Snakes, Sharks and Crocs…OH MY!

Let me talk about what else we saw along the way! As you head North in Queensland you are heading for the tropical part of Australia. The Southern half is sub-tropical like New Zealand.
We spent 4 days at the Whit Sunday Islands. I never knew Australia had such pristine, white sand beaches as we saw here. This is a group of about 73 islands. The Aboriginal people believe the Serpent Gods laid there eggs here many years ago and these eggs became the islands they are today. Some islands the Aboriginals believe to be cursed. This is partially due to Captain Cook landing here and slaughtering every Aborignal on the island, back in the day. Great Explorer, but not such a gentle caring sort. Anyway, we cruised around here on a local boat, spent time having lunch on the beach, saw lots of Goanna’s (large lizards), hiked to top of a mountain for spectacular views and then made our way to another island for some snorkeling.
There are several hundred types of Jelly Fish…three or four are deadly….those three or four are in Australia. Since it is coming upon summer here and the water is warming up this is considered Stinger Season. They will tell you to wear a “stinger suit” to go in the water to protect you from getting bit by a Jelly or Stinger. They gave us these thin, black spandex suits that covered your body, head, hands etc. Your feet were covered by your fins and the only thing not covered was your face…which your mask and snorkel took care of most of that. We suited up with the rest of the people on the boat and I said to Mike – “Great, now we look like seals!” If the Jelly’s don’t get you the sharks will….I get it now! It all turned out well, we snorkeled and nobody got stung or eaten! It was such a beautiful area. This is also where the Great Barrier Reef starts.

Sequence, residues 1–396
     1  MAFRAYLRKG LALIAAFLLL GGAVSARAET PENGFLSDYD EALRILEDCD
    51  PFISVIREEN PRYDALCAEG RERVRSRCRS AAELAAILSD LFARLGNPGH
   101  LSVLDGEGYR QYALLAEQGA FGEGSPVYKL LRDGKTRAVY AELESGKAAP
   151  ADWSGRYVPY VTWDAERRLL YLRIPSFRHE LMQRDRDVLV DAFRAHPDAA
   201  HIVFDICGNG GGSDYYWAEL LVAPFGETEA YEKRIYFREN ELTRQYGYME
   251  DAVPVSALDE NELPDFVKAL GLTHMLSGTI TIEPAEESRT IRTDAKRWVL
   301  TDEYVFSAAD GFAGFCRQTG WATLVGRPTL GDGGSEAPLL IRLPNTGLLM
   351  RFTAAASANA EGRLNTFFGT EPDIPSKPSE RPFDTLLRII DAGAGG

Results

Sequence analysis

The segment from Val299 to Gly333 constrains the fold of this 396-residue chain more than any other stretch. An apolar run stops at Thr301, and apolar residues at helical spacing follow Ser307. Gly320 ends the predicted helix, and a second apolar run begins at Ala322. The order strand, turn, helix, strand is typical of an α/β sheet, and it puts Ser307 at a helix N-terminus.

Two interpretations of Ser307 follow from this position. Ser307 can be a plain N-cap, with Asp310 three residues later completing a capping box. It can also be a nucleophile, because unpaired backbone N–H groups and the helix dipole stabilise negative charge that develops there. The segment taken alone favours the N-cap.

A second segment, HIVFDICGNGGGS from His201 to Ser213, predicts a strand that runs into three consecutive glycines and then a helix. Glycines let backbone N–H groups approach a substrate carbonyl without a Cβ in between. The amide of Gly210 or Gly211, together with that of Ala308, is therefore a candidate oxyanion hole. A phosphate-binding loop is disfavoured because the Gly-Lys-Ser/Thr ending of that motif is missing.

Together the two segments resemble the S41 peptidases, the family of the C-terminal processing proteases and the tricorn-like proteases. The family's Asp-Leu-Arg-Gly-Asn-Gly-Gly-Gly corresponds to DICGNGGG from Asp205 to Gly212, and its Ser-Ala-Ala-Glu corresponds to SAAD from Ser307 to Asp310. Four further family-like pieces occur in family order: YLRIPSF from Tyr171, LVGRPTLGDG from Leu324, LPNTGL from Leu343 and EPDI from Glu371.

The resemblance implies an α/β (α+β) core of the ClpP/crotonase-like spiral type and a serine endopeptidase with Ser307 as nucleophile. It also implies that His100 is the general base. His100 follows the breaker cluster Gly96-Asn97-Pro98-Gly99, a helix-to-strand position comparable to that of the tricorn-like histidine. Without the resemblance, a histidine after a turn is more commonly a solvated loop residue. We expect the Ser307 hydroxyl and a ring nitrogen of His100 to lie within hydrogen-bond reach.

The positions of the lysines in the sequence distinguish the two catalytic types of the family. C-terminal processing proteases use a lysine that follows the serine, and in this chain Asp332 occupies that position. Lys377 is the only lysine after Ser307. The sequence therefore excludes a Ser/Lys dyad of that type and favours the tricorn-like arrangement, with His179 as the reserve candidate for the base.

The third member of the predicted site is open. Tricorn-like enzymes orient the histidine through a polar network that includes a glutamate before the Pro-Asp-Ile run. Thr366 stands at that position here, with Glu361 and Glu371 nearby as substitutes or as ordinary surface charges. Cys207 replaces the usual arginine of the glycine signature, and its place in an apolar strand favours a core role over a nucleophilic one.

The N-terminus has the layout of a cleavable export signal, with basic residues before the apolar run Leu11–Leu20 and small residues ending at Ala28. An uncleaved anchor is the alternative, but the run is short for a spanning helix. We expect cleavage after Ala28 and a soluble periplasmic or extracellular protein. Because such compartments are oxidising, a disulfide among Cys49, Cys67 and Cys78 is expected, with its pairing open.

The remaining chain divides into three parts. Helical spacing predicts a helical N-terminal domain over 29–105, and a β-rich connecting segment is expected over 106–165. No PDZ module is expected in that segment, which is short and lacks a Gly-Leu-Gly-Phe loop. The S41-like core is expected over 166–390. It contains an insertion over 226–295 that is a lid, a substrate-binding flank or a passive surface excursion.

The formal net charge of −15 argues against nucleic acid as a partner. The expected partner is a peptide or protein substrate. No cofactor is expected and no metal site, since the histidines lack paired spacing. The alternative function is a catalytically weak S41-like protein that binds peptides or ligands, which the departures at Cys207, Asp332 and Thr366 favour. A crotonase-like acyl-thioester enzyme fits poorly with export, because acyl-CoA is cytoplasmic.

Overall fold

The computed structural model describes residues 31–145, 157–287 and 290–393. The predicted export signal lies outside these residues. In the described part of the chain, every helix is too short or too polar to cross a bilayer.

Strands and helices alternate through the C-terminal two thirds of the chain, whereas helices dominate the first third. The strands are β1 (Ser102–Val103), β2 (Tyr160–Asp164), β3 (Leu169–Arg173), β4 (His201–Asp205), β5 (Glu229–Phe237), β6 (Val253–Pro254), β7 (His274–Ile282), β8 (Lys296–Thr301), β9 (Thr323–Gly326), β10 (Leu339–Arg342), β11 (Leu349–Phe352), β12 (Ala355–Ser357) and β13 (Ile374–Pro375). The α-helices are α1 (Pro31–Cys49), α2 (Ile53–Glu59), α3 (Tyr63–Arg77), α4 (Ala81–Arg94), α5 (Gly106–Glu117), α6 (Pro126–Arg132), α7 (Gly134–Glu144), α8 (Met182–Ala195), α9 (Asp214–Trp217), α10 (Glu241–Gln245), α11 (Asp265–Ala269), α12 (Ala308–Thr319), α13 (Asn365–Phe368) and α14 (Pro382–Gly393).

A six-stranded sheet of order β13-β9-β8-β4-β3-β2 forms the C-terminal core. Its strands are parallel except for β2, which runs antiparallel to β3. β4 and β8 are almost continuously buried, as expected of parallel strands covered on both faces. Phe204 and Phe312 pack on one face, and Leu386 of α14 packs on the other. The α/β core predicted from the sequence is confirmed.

We also found a small hotel on the water called Monte’s. It was in the middle of nowhere, down a dirt road and just gorgeous. They only have about 8 hotel rooms, a small bar/restaurant but it sits on the beach and its just great. We only found it through a local friend telling us about it.
When we left this area we continued North and found a campground again, in the middle of nowhere, in a town called Rolling Stone. Down a dirt road we wandered, through the forest, following a sign promising camping. We found this very beautiful campground right on the beach. Unfortunately, we were not provisioned with much food so we lived on the local prawns, fish and local pineapple for two days. It was ok, we were excited to have beach front accommodations! Our first walk onto the beach we came upon the large “WARNING” sign about no swimming in the water, no walking on water’s edge etc..due to crocs! Ohhhh, we’ve made it to Croc Country… enough said! At least they had a nice pool!